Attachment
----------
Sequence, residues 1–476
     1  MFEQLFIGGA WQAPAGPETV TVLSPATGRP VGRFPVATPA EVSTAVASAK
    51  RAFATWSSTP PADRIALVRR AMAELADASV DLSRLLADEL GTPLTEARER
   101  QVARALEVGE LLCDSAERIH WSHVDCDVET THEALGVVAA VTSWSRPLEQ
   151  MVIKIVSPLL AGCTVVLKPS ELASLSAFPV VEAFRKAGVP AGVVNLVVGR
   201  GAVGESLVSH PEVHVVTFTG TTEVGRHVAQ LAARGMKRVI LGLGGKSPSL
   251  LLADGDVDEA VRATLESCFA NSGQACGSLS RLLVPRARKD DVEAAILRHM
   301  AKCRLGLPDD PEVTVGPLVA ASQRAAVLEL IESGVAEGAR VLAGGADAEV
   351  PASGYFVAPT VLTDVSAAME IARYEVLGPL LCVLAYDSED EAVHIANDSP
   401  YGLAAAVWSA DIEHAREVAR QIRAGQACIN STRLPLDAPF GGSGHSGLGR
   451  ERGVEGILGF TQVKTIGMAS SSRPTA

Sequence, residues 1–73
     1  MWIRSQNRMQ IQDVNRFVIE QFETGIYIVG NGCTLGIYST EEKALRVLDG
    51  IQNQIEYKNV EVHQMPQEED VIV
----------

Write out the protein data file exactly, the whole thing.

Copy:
Sequence, residues 1–476
     1  MFEQLFIGGA WQAPAGPETV TVLSPATGRP VGRFPVATPA EVSTAVASAK
    51  RAFATWSSTP PADRIALVRR AMAELADASV DLSRLLADEL GTPLTEARER
   101  QVARALEVGE LLCDSAERIH WSHVDCDVET THEALGVVAA VTSWSRPLEQ
   151  MVIKIVSPLL AGCTVVLKPS ELASLSAFPV VEAFRKAGVP AGVVNLVVGR
   201  GAVGESLVSH PEVHVVTFTG TTEVGRHVAQ LAARGMKRVI LGLGGKSPSL
   251  LLADGDVDEA VRATLESCFA NSGQACGSLS RLLVPRARKD DVEAAILRHM
   301  AKCRLGLPDD PEVTVGPLVA ASQRAAVLEL IESGVAEGAR VLAGGADAEV
   351  PASGYFVAPT VLTDVSAAME IARYEVLGPL LCVLAYDSED EAVHIANDSP
   401  YGLAAAVWSA DIEHAREVAR QIRAGQACIN STRLPLDAPF GGSGHSGLGR
   451  ERGVEGILGF TQVKTIGMAS SSRPTA

Sequence, residues 1–73
     1  MWIRSQNRMQ IQDVNRFVIE QFETGIYIVG NGCTLGIYST EEKALRVLDG
    51  IQNQIEYKNV EVHQMPQEED VIV